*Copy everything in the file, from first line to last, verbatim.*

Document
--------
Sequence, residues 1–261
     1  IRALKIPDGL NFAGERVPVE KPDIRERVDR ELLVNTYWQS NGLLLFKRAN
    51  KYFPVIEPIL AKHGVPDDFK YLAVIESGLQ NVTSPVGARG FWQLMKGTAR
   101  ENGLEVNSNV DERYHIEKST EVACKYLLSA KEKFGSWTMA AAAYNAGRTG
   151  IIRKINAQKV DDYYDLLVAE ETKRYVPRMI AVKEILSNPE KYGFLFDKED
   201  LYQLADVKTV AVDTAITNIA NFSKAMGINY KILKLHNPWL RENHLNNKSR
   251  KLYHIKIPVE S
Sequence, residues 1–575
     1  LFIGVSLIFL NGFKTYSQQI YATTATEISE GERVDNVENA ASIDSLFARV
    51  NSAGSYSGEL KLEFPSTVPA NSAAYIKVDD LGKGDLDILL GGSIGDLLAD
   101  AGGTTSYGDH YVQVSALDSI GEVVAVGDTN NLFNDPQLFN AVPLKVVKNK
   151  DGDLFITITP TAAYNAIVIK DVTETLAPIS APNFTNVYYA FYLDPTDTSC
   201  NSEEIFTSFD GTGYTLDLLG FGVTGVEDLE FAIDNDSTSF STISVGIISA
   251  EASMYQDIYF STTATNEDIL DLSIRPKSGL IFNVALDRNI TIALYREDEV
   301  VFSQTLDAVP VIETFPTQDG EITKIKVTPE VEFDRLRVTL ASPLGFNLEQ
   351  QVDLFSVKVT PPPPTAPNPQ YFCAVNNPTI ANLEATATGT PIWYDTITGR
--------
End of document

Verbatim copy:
Sequence, residues 1–261
     1  IRALKIPDGL NFAGERVPVE KPDIRERVDR ELLVNTYWQS NGLLLFKRAN
    51  KYFPVIEPIL AKHGVPDDFK YLAVIESGLQ NVTSPVGARG FWQLMKGTAR
   101  ENGLEVNSNV DERYHIEKST EVACKYLLSA KEKFGSWTMA AAAYNAGRTG
   151  IIRKINAQKV DDYYDLLVAE ETKRYVPRMI AVKEILSNPE KYGFLFDKED
   201  LYQLADVKTV AVDTAITNIA NFSKAMGINY KILKLHNPWL RENHLNNKSR
   251  KLYHIKIPVE S
Sequence, residues 1–575
     1  LFIGVSLIFL NGFKTYSQQI YATTATEISE GERVDNVENA ASIDSLFARV
    51  NSAGSYSGEL KLEFPSTVPA NSAAYIKVDD LGKGDLDILL GGSIGDLLAD
   101  AGGTTSYGDH YVQVSALDSI GEVVAVGDTN NLFNDPQLFN AVPLKVVKNK
   151  DGDLFITITP TAAYNAIVIK DVTETLAPIS APNFTNVYYA FYLDPTDTSC
   201  NSEEIFTSFD GTGYTLDLLG FGVTGVEDLE FAIDNDSTSF STISVGIISA
   251  EASMYQDIYF STTATNEDIL DLSIRPKSGL IFNVALDRNI TIALYREDEV
   301  VFSQTLDAVP VIETFPTQDG EITKIKVTPE VEFDRLRVTL ASPLGFNLEQ
   351  QVDLFSVKVT PPPPTAPNPQ YFCAVNNPTI ANLEATATGT PIWYDTITGR